He also shows a fearlessness in his game that is present on the boards. He sports a REB Chase % of 27.2%, well above average for an NBA power forward and an example of how he chases after rebounds other players wouldn’t bother to. Kristaps still needs a good 30lbs on his frame before he can be considered a dominant rebounder, but he’s shown promise and the right mentality to improve.
The Fearless Foreigner
Poor defense is assumed of most international prospects, and was especially concerning for Kristaps before he started his NBA career. Scouts saw a rookie that would be bullied by heavier more physical players and provide little to no rim protection. Before delving into any numbers, the biggest testament to this being false is the defensive game plan of the New York Knicks with KP on the floor.
The Knicks guards try to close off baseline drives and force ball-handlers to the middle, effectively creating a funnel into shot blocking bigs. There’s nothing truly novel about this strategy, as most NBA teams employ some variance of it, but what stands out is how much faith the coaching staff has in Porzingis to carry it out.
Along with center Robin Lopez, KP creates a formidable backline for the Knicks defense that often lets guards parade to the basket. When meeting them there, the Knicks rookie uses his length and a seemingly veteran understanding of the rules of verticality to alter or block shots. Kristaps is actually the rookie leader in blocks per game at a stout 1.9, including seven against both Houston and Minnesota.
When meeting them there, the Knicks rookie uses his length and a seemingly veteran understanding of the rules of verticality to alter or block shots. Kristaps is actually the rookie leader in blocks per game at a stout 1.9, including seven against both Houston and Minnesota.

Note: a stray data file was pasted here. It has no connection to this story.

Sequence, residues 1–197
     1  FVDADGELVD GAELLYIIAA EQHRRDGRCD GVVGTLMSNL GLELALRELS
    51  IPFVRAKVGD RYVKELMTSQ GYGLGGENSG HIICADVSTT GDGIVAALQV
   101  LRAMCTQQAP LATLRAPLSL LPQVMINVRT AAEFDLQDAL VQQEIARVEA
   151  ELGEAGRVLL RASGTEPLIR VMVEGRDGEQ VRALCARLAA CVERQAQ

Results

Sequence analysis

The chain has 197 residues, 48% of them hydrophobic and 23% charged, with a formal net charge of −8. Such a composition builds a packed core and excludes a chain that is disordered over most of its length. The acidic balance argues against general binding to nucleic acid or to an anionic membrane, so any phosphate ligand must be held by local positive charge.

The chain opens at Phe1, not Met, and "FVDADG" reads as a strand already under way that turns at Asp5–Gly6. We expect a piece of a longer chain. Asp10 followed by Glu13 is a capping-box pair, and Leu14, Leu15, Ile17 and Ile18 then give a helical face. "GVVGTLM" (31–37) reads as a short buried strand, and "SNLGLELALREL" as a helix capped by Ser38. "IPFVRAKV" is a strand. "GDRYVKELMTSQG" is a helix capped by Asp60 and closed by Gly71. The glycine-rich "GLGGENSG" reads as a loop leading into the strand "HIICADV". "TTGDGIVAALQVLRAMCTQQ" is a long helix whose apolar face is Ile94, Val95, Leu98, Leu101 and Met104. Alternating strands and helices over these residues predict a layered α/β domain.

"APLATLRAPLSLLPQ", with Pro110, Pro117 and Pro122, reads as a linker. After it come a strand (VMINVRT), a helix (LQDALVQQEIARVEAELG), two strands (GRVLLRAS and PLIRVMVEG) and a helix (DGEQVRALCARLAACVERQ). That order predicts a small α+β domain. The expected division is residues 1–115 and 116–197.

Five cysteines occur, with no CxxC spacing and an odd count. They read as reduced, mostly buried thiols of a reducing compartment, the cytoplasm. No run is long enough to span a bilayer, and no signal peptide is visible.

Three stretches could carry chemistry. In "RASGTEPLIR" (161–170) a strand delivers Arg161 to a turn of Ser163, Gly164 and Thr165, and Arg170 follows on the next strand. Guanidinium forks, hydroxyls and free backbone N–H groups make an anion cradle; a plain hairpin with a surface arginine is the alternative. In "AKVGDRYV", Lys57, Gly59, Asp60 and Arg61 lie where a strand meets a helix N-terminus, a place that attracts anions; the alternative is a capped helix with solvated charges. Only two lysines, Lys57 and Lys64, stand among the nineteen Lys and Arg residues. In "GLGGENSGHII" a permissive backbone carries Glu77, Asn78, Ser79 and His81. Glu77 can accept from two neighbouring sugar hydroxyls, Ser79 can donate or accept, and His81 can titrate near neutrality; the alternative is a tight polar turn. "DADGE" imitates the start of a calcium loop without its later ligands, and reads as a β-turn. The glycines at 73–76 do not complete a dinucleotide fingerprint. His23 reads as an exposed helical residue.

Even more promising than the raw numbers is the willingness KP showed in contesting star players like James Harden and Andrew Wiggins and what that did for the Knicks defense as a whole. The Knicks hemorrhage points on average, but reach a respectable 104.4 DefRtg with him on the floor – good for a middle of the pack finish.
They also deviate slightly from the game plan and chase steals and fastbreak opportunities more when he is on the floor since the guards believe in him to be a serviceable anchor. He won’t be confused for a defensive stalwart just yet, he admittedly does get bullied down low and bites on far too many pump fakes for that, but he’s shown the promise and requisite intelligence to blossom into a plus defender.
Kristaps Porzingis is best viewed in a vacuum. Dispel your previous notions of European big men – they don’t apply to this rookie. Forget about all the stretch fours that can’t rebound or protect the basket. This lanky Latvian has already proved he’s more than that, and it begins and ends with his attitude. It’s time to start cheering.
By Carmine DiCuozzo, Featured Columnist